Presidential and Congressional Approval Ratings Slip as Americans Still See No Improvement in Economic Outlook
Americans Tend to Be Wary of General Healthcare Reforms, Yet Majorities Support Specific Proposals
Wednesday, November 04, 2009
Washington, DC – Just over half of U.S. adults (53%) approve of the way Barack Obama is handling his job as President while 43% disapprove, according to a new telephone poll of over 1,000 adults conducted by Ipsos Public Affairs. Obama’s job approval rating shows a decline of three percentage points over the past month and twelve percentage points over the past six months, marking a new low since he took office.
While more than eight in ten Democrats approve of his performance (82%), just 45% of Independents and 21% of Republicans do.
Obama’s traditional strongholds remain positive toward his performance: African-Americans (89% approve), Hispanics (70%), those with a household income of less than $25,000 (64%), those under 35 (63% approve), and those who are currently not employed (62%). However, the new poll shows a six-point decline among women (61% in early October vs. 55% currently).
National Mood Pessimistic toward Congress, Economy
While Americans support for Obama continues to decline, he receives relatively good ratings compared to our Congressmen and women. Just 29% of adults surveyed approve of the way Congress is handling its job, a decline of eight points since February. Nearly seven in ten (68%) say that they disapprove of the job Congress is doing, with Republicans (84%) and Independents (74%) being particularly likely to view Congress in a negative light.
- Adults aged 55 and older (75%), those with a household income of at least $25,000 (74%), and men (73%) are also more likely than others to be critical of how Congress is handling its job.
Notably, while both chambers have Democratic majority, more Democrats disapprove of Congress’ performance than approve of it (52% vs. 44%).
Parallel to growing disapproval of the President and Congress, perceptions about the direction of the country continue to erode, as fewer than four in ten (38%) feel that things in the U.S. are heading in the right direction (down from 40% one month ago and 55% six months ago). Nearly six in ten (57%) now say the country is off on the wrong track and 4% are unsure.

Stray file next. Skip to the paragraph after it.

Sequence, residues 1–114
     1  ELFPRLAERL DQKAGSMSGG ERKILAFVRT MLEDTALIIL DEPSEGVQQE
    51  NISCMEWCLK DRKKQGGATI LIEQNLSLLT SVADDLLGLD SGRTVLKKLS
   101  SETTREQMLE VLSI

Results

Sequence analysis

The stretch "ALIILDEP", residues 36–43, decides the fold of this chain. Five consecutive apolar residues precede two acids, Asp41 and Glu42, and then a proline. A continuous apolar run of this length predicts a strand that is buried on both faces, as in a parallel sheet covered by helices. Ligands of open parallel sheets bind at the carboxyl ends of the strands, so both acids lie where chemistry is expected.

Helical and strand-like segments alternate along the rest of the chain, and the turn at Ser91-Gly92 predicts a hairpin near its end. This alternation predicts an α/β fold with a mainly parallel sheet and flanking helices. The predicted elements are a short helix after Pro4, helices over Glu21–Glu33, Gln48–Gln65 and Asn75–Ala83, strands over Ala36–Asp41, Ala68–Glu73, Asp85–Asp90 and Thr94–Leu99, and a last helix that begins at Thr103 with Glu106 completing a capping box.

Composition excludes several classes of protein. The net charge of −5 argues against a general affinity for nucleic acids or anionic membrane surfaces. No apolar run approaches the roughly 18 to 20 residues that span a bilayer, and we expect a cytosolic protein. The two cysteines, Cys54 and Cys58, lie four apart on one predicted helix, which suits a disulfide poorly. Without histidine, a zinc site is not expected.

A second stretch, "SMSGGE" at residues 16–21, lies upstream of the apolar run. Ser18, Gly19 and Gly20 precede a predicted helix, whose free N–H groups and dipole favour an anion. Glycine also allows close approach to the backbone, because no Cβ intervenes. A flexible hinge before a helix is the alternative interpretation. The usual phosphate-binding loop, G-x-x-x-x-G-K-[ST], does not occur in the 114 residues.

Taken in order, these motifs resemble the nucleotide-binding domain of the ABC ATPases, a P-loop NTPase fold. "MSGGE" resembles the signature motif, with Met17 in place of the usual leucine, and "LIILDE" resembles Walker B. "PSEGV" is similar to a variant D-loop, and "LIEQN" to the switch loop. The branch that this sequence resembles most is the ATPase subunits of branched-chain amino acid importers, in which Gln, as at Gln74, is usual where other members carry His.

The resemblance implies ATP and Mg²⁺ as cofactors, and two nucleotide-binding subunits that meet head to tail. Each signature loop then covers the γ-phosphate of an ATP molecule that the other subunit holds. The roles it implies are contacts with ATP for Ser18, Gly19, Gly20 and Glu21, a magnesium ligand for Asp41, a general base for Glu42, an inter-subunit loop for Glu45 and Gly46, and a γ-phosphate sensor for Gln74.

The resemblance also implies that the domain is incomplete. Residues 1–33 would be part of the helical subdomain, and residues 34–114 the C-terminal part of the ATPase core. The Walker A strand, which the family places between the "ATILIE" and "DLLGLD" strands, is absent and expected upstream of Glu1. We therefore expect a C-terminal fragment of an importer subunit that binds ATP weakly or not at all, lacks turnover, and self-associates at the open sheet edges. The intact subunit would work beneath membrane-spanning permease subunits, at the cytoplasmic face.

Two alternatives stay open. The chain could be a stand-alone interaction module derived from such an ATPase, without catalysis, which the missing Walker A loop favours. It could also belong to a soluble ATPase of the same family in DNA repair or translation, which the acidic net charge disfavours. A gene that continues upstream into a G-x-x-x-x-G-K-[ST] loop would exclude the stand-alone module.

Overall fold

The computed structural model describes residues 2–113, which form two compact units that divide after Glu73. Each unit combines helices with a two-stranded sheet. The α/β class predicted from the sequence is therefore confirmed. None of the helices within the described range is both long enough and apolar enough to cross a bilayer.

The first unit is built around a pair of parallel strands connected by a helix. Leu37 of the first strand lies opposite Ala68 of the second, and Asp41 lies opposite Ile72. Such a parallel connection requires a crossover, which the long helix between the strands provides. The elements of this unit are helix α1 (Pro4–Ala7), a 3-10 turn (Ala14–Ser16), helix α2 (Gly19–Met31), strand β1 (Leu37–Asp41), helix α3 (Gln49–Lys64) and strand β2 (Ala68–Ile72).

Americans also remain apprehensive about the economy as a majority (59%) say that the economy has stabilized but not yet begun to improve (up four points in one month) and one third (32%) still believe that the worst is still yet to come (up one point). Only 7% hold the view that we have already turned the corner – a percentage that is actually lower by 4 points.
Yet despite the criticism toward the White House and Congress, a plurality of Americans (48%) plan to vote Democratic in the 2010 midterm elections, while 41% say that they would vote for the Republican candidate. Just 2% would cast their vote for a third party candidate and 6% are unsure. Three percent do not plan to vote next November.
Very few partisans expect to cast their vote across the aisle; 6% of Democrats plan to vote Republican and 6% of Republicans plan to vote Democrat. While many Independents are undecided (33%) or plan to vote for a third party candidate (11%), they are nearly twice as likely to vote blue as they are red (22% vs. 12%). More than one in five (22%) doesn’t plan to go to the polls on Election Day.